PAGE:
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The X86 server – by which is meant machines running Intel Xeon processors with a very minuscule portion of machines based on Opteron processors from AMD – continues to dominate the datacenter, accounting for 99.1 percent of shipments (2.27 million machines) and 80.1 percent of revenues ($10.8 billion) in the second quarter. Intel keeps trying to push down the price of compute because it believes that, according to Jevons Paradox, that making a commodity like compute even cheaper it can actually boost the amount of capacity it sells and thereby increase its revenues and profits. (We shall see in the laboratory of the real world precisely what the appetite for elastic capacity is. We remain skeptical that this can go on forever, even with burgeoning datasets and new use cases.)

IBM’s Power Systems machines found their footing in the second quarter with modest declines and the System z mainframe upgrade cycle continued, helping to buoy sales of non-X86 systems, which nonetheless had a 1.4 percent revenue decline. ARM-based servers are just a blip on the radar at this point, and while many are hopeful that ARM server chips can provide compelling value and advantages in the datacenter, this idea has not yet been put to the real test. The ramp could begin early next year, or fizzle out because the software has still not caught up to the hardware.

On the storage front, the ODM Direct vendors continue to be truly and dramatically disruptive, although sales of traditional external disk arrays are holding up better than many might think.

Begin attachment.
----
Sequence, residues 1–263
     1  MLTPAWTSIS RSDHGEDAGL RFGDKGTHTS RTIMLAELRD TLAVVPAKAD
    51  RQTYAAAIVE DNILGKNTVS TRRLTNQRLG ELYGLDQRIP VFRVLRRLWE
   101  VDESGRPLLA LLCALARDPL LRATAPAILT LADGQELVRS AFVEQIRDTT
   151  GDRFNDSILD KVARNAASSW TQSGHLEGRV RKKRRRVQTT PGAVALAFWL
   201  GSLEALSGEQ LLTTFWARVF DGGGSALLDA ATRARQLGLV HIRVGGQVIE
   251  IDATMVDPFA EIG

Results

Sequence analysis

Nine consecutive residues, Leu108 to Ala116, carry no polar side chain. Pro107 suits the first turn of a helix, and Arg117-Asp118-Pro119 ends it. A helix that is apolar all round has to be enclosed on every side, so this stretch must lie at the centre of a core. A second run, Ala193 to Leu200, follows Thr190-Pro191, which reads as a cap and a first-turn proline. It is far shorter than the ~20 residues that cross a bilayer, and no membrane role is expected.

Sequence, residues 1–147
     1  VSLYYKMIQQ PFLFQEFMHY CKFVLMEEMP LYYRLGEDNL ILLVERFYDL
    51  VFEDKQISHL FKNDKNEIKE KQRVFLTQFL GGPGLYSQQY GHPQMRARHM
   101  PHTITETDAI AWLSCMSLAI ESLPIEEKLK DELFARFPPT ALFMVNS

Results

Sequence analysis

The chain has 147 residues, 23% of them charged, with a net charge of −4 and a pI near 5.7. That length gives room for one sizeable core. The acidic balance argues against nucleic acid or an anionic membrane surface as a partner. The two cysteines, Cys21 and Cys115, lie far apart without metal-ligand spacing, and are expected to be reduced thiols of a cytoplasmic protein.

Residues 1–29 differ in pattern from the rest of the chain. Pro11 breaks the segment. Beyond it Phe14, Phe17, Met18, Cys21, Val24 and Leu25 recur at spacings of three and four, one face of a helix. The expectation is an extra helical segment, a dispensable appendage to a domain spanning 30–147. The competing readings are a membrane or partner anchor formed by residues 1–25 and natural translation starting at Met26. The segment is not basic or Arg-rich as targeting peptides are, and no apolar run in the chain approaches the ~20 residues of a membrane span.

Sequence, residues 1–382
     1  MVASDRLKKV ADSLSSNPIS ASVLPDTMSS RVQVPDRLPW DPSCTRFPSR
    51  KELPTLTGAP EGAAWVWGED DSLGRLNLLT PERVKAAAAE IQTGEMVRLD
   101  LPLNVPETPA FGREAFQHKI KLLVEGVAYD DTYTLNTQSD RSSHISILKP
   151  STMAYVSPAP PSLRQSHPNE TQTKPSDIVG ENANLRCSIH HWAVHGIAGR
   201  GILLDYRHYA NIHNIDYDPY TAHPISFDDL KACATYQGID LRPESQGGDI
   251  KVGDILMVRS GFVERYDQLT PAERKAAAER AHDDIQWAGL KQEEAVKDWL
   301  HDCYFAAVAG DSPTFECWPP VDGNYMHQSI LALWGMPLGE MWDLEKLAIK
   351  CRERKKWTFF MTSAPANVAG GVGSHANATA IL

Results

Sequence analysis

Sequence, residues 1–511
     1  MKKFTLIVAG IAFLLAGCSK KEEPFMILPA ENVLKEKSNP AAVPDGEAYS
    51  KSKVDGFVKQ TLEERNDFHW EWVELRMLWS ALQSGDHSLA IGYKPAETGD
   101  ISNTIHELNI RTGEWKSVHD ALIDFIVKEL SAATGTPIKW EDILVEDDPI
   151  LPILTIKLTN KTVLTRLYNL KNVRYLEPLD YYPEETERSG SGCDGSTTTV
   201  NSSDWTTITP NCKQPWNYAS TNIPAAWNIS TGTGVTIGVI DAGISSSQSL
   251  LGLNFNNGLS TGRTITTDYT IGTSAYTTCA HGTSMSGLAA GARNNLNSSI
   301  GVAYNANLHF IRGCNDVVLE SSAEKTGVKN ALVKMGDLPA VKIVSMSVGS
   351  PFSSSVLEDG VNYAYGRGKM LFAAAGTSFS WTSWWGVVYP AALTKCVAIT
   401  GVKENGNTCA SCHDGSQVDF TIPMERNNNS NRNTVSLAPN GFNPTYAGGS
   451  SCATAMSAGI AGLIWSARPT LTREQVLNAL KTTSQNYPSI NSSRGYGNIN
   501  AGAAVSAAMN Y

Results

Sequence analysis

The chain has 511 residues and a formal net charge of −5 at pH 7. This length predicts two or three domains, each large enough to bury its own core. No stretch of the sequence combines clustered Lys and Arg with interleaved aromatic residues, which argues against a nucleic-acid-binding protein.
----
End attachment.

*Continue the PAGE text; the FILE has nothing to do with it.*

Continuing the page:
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In the quarter, customers worldwide consumed 30.3 exabytes of storage systems, a 37 percent boost in capacity over the year-ago period, but revenues rose only 2.1 percent to $8.8 billion. The rise of server-based storage with open source object, file, and block storage is having the same effect on storage as the Linux revolution from the early 2000s had on servers.

IDC reckons that ODM Direct vendors creating minimalist, dense server-storage hybrids had 25.8 percent revenue growth in the quarter, to just over $1 billion in sales, but amazingly, these ODMs accounted for 13.3 exabytes of total capacity shipped. The ODMs had an 11.5 percent revenue share, but a 43.8 percent capacity share. This is the level that the ODMs have had, with some wiggling up and down, for the past year and a half. The cost of a terabyte of storage on a traditional array from EMC, IBM, HP, NetApp, and so forth has been falling from around $875 per TB in the first quarter of 2013 to around $459 per TB in the second quarter of 2015, but the price the ODMs are charging has been falling at about the same rate, from $119 per TB in Q1 2013 to $76 per TB in Q2 2015. That six-to-one price difference is driving the capacity sales for ODM gear, which is used to store the coolest data, generally in object formats.

Traditional external disk arrays accounted for $5.67 billion in revenues in the second quarter, down 3.9 percent. While this market is not going away, it is under extreme price pressure – particularly as more workloads are virtualized and server SANs from Nutanix, VMware, SimpliVity, and others are gaining traction and obviate the need for real SANs. IDC believes that server-based storage (from ODMs as well as from hyperconverged vendors like those mentioned above) accounted for $2.1 billion, up 10 percent.